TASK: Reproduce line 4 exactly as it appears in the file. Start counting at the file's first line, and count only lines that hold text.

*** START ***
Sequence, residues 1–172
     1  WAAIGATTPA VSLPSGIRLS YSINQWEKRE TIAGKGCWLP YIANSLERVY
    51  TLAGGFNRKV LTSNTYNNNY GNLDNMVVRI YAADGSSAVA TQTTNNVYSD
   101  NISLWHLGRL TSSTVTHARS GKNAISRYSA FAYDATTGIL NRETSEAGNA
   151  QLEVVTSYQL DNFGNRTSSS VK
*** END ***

   101  NISLWHLGRL TSSTVTHARS GKNAISRYSA FAYDATTGIL NRETSEAGNA